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Sri Lanka's Beaches Are the Best in the Indian Ocean


File:Negombo. A magnificent beach. - panoramio.jpg
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This island country south of India is a year-round destination which is home to stunning yet affordable beach resorts, and among other things offering fabulous sandy beaches and some of the most exciting surf in the Indian Ocean. These beaches range from buzzing to deserted, sprinkled with fishing villages and coconut groves or backed by national parks. Some are good for swimming, others best for surfing or diving. There are turtle nesting grounds and coral reefs with multi-coloured fish. Once out of bounds due to ethnic unrest Sri Lanka's east coast welcomes increasing numbers of visitors (still, always check the political situation prior to travel).


Sri Lanka has two monsoons: April to October on the south west coast up to Colombo, November to January on the east coast. There’s still plenty of sunshine during the monsoon, but seas can be rough and humidity high. Strong currents may occur in some areas and it’s always wise to follow local advice.


Relax in Negombo and Bentota on the West Coast


Close to the Colombo airport, Negombo (above) is a resort area with sweeping sands from bustling to uncrowded; restaurants serving lobster, prawns and seer fish; and a variety of hotels from budget to luxury hotels. You can watch local folks fishing on the lagoon in traditional dug-out canoes or hire a bike to cycle along the canals, built centuries ago by the Dutch who came for the spice trade.


Farther south, Bentota offers fine sands and usually safe swimming, wind surfing and other sports on the lagoon at the mouth of the Bentota river and quiet spaced out hotels, most scenic on the long peninsula between river and ocean. Nearby attractions include the Kosgoda turtle hatchery, the mask museum and traditional dance in Ambalangoda and the surfing beach of Hikkaduwa.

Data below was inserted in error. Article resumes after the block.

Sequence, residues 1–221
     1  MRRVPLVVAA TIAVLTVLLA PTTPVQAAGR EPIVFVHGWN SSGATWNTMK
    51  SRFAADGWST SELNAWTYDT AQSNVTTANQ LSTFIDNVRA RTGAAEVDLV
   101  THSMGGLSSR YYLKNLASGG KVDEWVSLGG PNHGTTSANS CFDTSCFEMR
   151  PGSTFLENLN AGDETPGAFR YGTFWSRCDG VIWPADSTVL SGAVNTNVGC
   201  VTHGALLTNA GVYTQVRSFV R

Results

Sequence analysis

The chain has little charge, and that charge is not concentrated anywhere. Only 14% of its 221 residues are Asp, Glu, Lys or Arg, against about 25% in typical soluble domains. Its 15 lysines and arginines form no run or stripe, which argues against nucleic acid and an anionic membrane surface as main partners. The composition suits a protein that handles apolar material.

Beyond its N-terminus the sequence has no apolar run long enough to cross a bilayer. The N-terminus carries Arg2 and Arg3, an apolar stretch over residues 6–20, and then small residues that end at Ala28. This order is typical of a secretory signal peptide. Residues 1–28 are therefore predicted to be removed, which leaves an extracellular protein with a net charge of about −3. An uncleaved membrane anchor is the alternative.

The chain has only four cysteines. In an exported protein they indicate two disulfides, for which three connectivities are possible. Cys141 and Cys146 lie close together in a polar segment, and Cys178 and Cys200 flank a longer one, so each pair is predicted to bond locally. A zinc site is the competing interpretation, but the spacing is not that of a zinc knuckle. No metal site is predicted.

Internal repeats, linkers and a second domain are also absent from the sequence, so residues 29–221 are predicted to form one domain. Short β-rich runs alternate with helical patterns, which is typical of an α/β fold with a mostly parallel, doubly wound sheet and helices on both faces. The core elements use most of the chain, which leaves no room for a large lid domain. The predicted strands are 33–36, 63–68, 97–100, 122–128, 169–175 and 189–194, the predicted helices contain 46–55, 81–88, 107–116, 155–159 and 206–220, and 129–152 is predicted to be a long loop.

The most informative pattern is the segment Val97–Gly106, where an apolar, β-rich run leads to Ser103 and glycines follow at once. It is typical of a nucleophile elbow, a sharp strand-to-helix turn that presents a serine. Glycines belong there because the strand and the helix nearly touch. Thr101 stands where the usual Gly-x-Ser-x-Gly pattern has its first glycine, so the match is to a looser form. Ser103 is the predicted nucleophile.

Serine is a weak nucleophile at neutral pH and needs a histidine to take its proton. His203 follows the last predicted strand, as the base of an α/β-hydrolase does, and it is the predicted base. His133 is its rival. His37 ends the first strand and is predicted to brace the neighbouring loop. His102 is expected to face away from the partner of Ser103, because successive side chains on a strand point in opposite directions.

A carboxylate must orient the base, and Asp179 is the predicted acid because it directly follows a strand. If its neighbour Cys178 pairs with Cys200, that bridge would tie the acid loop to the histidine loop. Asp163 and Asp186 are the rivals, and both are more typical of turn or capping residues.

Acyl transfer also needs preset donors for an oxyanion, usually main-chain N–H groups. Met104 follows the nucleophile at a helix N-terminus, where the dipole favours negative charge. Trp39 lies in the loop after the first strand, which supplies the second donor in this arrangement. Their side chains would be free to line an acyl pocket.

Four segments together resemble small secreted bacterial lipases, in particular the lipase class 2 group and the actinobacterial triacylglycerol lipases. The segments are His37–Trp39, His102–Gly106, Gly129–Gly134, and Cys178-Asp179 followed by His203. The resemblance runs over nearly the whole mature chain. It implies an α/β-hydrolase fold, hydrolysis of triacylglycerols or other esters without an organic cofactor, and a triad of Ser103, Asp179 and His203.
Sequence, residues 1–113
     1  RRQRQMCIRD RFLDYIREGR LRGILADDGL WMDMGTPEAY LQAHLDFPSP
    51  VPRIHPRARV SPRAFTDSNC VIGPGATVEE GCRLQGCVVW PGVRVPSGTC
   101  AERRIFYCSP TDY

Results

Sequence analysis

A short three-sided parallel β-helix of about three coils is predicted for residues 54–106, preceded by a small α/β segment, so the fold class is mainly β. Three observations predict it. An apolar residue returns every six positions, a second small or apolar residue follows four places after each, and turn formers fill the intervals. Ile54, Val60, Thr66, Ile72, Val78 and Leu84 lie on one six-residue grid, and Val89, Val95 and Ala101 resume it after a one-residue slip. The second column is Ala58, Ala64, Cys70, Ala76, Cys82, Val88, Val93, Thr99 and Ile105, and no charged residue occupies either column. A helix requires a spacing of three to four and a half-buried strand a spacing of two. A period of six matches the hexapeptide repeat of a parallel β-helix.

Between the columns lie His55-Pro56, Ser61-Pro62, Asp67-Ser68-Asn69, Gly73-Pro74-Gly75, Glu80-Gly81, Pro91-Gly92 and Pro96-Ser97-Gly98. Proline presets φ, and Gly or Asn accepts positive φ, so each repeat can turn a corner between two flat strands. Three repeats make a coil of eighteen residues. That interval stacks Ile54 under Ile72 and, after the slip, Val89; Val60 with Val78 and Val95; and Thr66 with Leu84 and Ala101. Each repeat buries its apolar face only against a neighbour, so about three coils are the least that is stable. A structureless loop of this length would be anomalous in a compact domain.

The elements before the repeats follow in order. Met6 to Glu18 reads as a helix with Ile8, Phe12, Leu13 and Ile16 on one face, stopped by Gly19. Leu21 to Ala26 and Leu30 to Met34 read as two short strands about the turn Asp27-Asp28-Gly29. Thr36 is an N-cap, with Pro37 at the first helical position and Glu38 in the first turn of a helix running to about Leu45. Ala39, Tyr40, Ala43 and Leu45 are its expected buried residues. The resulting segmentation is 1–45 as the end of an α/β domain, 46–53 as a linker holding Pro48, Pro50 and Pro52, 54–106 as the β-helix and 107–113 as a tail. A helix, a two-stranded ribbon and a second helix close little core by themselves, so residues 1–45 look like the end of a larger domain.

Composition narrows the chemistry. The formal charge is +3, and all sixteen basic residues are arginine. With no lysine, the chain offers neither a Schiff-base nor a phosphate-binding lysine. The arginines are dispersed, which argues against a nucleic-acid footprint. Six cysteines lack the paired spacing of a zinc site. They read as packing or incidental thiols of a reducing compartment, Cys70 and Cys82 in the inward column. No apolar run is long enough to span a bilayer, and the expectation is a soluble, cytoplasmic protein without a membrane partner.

Samal Nadeeshan

The Southern Beaches of Unawatuna and Tangalle


Just five kilometers south of Galle, Unawatuna's golden sands (above) are sheltered by a coral reef, said to harbour more marine species than the Great Barrier Reef. You can surf in some areas and dive to explore reef and wrecks. Fishermen perched on stilts can still be spotted along the coast.


Tangalle Bay has enticing blue waters and pinkish sands, but the safest beaches are out of town. Small villages doze under the coconut palms and deserted beaches offer an authentic tropical paradise. Tangalle has a colourful market, fishing port and remnants of its colonial past. A short drive to the north is the stunning rock temple of Mulgirigalla and to the east the Uda Walawe National Park where wild elephants roam undisturbed.


Surfing the Nations


Out East, Trincomalee and Arugam Bay's Surfing Mecca

Trincomalee is known for its deep water natural harbour, one of the best in the world. The finest beaches are in the fishing villages of Uppuveli and Nilaveli, on a coast popular for surfing, scuba diving and whale watching. Close by are hot springs, bird and wildlife sanctuaries and Pigeon Island, home to the rare blue rock pigeons.


Arugam Bay calls itself "the end of the road," favoured by backpackers and acknowledged as among the top ten surfing spots in the world (above). Surfing is best between May and October, with the biggest waves off Arugam Point. This area is also a great place to see wildlife - for example crocodiles in the nearby lagoon and leopards in the Yala East National Park.

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